“It’s debilitating in ways we didn’t expect,” said Joyner, an enrollment and licensing specialist at curriculum company Amplify. “Every trip to the store is reading every label. The research in this project has helped in highlighting differences in quality of life that this process can provide for patients and their families.”

Shirah Joyner
Shirah Joyner

Joyner is excited to communicate her group’s campaign, reinforce the reputation of the National Peanut Board, and transmit positive messages that could impact the standard of care.

Rose said her involvement in the allergy-prevention project had a huge impact on the direction of her career. She was an administrator to a director at the CDC in Atlanta in spring 2020, and now she is a health communication specialist in the Office of Finance Resources.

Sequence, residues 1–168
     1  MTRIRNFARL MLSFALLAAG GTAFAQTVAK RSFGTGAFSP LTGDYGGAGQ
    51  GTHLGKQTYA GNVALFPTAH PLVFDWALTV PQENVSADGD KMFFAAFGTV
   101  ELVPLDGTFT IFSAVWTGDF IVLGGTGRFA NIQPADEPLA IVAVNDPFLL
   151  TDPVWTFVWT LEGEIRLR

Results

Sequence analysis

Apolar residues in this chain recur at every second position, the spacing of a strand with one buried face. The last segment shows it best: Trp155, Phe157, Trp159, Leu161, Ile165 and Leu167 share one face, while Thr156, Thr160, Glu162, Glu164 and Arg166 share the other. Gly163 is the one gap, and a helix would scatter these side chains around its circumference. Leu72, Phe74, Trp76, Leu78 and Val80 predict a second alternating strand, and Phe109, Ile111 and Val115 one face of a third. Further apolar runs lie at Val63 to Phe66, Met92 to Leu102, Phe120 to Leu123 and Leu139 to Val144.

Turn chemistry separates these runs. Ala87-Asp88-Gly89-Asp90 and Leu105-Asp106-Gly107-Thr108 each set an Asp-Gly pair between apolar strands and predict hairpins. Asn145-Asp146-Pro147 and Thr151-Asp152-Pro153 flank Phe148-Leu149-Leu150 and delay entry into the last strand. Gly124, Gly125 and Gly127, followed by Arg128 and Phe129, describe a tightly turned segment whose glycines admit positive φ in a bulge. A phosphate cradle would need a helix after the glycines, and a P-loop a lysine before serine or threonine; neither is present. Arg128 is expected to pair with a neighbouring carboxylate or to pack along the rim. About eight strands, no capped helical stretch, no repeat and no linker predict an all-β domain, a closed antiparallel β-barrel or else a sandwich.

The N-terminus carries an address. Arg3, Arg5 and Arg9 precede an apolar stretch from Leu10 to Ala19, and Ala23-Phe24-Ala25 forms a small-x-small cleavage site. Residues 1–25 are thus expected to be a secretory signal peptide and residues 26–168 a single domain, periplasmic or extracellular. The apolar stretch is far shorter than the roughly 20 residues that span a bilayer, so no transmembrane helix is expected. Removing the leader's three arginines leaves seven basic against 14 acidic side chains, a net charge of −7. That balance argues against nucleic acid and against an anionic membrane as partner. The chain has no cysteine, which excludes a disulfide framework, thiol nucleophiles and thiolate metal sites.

“It opened my eyes to what I could do at the CDC, and it kind of propelled me into health communications. That’s what I do now. This project really (opened) my eyes to the message, the scope,” she said.

Miller said her work on the campaign has already helped her in her current job as a senior project analyst at Yulista, a contractor that modifies helicopters for the U.S. Army.

“We do a lot of contract proposals in my line of work, so breaking down those interviews and creating the objectives, goals, strategies and tactics has correlated so well with my line of work,” she said. “It’s something I’m going to continue to carry with me.”